Lee Hirsch @ TCFF panel
A kid who’s been bullied will likely come out with some kind of disability.
It’s quite a strong statement from Mr. Hirsch, but I’d imagine it’s true. I mean, it may not be visible, but even a little bit of mental intimidation on a kid who’s already struggling with their identity can leave a scar for years. The biggest thing that came out of the panel for me is learning how Minnesota is still lacking on bullying law, reporter Tom Weber shared from his reporting that MN’s grade is C- amongst states that have such law, which is the lowest of all!
If you’re interested, you can view the panel discussion on this video posted on YouTube.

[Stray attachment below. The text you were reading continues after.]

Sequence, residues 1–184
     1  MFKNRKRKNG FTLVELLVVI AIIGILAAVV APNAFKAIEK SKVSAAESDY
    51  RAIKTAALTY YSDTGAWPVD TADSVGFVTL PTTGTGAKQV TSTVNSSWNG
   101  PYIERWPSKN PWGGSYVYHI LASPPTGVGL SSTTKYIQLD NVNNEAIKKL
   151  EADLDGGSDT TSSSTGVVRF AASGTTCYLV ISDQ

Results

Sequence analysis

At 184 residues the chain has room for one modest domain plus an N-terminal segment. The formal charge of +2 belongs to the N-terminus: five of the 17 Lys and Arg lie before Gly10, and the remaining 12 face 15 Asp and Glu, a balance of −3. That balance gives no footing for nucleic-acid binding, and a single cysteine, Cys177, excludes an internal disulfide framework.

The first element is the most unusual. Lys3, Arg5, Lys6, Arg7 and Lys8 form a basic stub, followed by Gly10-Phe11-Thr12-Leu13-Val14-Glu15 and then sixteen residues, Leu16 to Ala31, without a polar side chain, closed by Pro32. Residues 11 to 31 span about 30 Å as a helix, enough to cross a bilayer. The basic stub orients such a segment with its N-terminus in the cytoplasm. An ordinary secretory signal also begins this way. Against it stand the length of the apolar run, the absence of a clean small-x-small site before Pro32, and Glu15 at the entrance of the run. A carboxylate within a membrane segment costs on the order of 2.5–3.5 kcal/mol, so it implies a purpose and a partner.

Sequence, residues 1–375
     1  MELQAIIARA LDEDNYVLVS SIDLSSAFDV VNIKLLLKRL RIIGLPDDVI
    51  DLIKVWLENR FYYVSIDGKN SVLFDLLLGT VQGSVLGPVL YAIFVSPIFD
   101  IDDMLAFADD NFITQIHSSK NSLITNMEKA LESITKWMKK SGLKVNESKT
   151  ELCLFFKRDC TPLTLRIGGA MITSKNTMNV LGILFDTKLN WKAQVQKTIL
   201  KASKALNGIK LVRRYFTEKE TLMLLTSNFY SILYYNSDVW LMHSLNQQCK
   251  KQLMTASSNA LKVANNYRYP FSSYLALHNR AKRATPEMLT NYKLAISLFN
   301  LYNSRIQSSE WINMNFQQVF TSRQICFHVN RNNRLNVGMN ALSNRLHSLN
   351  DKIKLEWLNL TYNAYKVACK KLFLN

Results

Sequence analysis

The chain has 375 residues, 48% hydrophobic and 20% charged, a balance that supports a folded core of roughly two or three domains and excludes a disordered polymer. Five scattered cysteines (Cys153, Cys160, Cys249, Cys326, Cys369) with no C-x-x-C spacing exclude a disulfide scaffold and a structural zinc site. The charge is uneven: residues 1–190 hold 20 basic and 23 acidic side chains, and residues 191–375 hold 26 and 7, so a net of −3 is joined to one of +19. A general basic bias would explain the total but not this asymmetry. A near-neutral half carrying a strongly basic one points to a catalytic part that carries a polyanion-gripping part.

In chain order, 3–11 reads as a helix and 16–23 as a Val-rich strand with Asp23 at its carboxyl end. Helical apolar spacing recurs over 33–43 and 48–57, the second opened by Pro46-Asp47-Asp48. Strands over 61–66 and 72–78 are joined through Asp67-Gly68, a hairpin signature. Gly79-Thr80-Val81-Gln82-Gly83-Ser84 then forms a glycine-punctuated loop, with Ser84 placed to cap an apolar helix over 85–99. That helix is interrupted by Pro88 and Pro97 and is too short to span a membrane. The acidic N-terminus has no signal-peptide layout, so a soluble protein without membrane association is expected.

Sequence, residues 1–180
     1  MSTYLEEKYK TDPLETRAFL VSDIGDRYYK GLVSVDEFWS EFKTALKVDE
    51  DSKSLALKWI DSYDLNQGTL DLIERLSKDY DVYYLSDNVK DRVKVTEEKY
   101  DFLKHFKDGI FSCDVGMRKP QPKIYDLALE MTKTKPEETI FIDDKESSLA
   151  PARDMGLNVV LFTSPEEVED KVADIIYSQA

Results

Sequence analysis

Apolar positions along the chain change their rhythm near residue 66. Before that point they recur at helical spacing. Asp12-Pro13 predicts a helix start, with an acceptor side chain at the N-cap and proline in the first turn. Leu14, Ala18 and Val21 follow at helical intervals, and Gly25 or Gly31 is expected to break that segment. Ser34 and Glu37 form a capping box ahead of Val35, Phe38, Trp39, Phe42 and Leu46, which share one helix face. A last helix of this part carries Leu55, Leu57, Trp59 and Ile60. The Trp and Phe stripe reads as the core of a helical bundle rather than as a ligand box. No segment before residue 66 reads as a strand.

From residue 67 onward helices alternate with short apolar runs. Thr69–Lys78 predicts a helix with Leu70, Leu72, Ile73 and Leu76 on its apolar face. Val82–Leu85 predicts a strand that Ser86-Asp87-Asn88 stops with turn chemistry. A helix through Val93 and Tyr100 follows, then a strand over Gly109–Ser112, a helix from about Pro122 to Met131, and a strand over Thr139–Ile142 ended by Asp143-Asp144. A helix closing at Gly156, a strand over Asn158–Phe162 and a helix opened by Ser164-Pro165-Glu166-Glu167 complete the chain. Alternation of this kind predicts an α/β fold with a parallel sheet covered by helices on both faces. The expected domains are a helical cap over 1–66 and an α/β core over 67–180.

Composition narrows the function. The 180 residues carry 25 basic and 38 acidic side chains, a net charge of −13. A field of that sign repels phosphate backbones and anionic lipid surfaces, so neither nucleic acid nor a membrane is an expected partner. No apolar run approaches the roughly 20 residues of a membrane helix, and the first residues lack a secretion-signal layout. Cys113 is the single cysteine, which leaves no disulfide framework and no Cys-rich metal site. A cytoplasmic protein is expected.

Now below is my review of the film. Just a note, I actually had a massive headache the entire time I was watching the film, I don’t know if it’s because of the way the camera movements or the fact that I sat a bit closer than I normally do in the theater. I don’t fault the filmmaker for this, but it certainly affect my enjoyment of watching this film.
My mini review of The Bully Project
Documentaries can be a powerful thing. Most documentarians usually set out to achieve a goal that is much bigger than simply trying to win an award or to make tons of money. Their goal is to assist or make change. With this film, Hirsch is shedding a light on a topic that is often brushed aside or simply not taken seriously enough. It’s mind-boggling to me after seeing that there are quite a number of kids actually commit suicide as a result of being bullied, and to me, even ONE kid, just one dying because of this should be a major cause of alarm for the school/legislation, what have you, to do something about it.